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Rick Santorum, Mitt Romney Tied Nationally As Romney Struggles with Base, New Polls Show

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AP
AP

Despite a victory in the Maine caucuses on Saturday, Mitt Romney has more to worry about after two new polls released Monday show him fighting to keep his lead among Republicans nationally and struggling to win favor from the conservative base.

A new Pew Research Center poll found Santorum and Romney neck-and-neck, with Santorum winning 30 percent of the support among Republican registered voters to Romney's 28 percent -- a difference that falls well within the poll's five percentage point margin of error. Separately, Gallup's latest tracking survey of the Republican race found Romney with 32 percent support and Santorum right on his heels with 30 percent.

Of concern for Romney, the Pew poll shows him struggling among the conservative groups that make up the Republican base. Among self-identified conservatives, Santorum leads Romney by an 11 percent margin, 36 percent to 25 percent. Among Tea Party supporters, Santorum leads 42 percent to 23 percent.

Romney's support among Tea Party supporters is essentially unchanged from last month, when he received 26 percent support from Tea Party supporters to 24 percent each for Santorum and Newt Gingrich. But Santorum's lead among the group may be a sign that they have begun to see him as the alternative to Romney.

Worse still for Romney, the survey contains signs that Tea Party opinion of him has worsened over the last few months on two key issues: his conservative credentials and his ideological consistency. Since November, the percentage of Tea Party supporters telling Pew that they do not believe Romney is a strong Republican has grown from 41 percent to 68 percent, and the percent saying Romney does not take consistent positions on the issues has grown from 40 percent to 56 percent.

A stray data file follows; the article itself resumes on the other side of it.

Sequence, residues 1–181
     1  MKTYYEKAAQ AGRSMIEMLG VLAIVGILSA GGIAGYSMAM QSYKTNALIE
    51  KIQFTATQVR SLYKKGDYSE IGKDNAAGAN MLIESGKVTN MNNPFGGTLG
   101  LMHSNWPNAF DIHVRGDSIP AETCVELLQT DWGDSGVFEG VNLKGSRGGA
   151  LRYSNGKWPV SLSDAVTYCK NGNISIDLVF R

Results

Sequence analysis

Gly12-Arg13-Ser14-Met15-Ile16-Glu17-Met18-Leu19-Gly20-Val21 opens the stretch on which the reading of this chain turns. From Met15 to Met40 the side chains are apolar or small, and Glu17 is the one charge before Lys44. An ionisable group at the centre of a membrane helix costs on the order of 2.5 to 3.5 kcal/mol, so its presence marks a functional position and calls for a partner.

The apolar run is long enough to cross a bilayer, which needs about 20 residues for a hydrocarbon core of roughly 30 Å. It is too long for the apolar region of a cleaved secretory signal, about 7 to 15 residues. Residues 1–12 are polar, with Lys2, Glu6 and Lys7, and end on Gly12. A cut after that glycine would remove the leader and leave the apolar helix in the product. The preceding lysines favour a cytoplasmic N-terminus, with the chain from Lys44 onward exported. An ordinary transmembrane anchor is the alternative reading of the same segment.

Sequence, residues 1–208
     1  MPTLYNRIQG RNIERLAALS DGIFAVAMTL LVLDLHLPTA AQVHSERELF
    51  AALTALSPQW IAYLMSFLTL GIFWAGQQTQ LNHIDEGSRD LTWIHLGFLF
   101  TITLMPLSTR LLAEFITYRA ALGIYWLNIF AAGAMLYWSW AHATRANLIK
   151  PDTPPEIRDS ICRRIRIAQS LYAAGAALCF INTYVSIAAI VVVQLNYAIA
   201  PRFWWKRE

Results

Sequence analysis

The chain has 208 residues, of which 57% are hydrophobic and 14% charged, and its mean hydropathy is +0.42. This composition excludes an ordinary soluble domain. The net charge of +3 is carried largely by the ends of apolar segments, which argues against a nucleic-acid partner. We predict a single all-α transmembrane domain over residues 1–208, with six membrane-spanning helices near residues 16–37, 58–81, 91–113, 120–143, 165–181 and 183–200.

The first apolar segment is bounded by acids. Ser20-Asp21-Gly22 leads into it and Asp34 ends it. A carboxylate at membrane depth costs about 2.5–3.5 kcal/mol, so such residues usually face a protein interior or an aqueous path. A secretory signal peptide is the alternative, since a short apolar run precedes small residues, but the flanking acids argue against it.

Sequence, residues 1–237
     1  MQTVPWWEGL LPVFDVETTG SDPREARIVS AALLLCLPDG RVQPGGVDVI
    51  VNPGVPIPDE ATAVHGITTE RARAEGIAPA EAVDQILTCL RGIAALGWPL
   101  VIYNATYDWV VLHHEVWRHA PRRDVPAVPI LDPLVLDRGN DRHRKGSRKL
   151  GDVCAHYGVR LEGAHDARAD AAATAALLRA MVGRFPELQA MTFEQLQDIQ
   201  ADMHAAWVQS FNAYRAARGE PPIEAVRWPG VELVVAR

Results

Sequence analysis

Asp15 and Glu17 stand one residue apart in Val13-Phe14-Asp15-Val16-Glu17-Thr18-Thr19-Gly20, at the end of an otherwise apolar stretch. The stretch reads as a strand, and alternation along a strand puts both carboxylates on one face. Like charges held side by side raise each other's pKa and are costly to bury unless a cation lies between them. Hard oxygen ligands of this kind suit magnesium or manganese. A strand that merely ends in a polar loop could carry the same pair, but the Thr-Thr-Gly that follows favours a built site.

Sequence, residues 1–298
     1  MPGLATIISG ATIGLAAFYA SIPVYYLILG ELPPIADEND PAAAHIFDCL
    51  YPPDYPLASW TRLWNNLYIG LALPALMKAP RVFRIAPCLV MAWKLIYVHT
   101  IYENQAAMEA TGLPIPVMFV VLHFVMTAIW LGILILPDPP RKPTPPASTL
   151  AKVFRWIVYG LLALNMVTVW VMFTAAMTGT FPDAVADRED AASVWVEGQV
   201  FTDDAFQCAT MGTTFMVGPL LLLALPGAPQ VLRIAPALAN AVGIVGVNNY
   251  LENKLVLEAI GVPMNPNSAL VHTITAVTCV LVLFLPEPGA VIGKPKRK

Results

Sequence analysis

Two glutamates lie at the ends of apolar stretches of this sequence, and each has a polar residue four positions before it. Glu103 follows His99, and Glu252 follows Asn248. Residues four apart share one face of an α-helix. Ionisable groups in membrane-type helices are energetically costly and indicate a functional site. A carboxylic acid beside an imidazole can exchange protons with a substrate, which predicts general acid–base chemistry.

The Pew survey also shows evidence of Santorum's appeal to evangelical conservatives and Catholics within the Republican party. Though Romney leads Santorum among white mainline Protestants, Santorum leads Romney among white evangelical Protestants (41 percent to 23 percent) and white Catholics (37 percent to 27 percent). In a Pew survey last month, Romney and Santorum were tied at 22 percent among white evangelicals, while Romney led Santorum 33 percent to 17 percent among white Catholics.

The latter group has become especially important in the primary battle as attention is focused on new Obama administration regulations aimed at providing contraception coverage for women via their employer-run health plans. The plan includes coverage for women employed by religious employers, though some such organizations feel that the regulations are a violation of their religious beliefs.

The new Pew Research Center poll was conducted Feb. 8 to 12 among 552 Republican or Republican-leaning registered voters, and has a margin of error of 5 percentage points. The latest Gallup tracking survey was conducted Feb. 8 through 12 among 1162 Republican and Republican-leaning registered voters.

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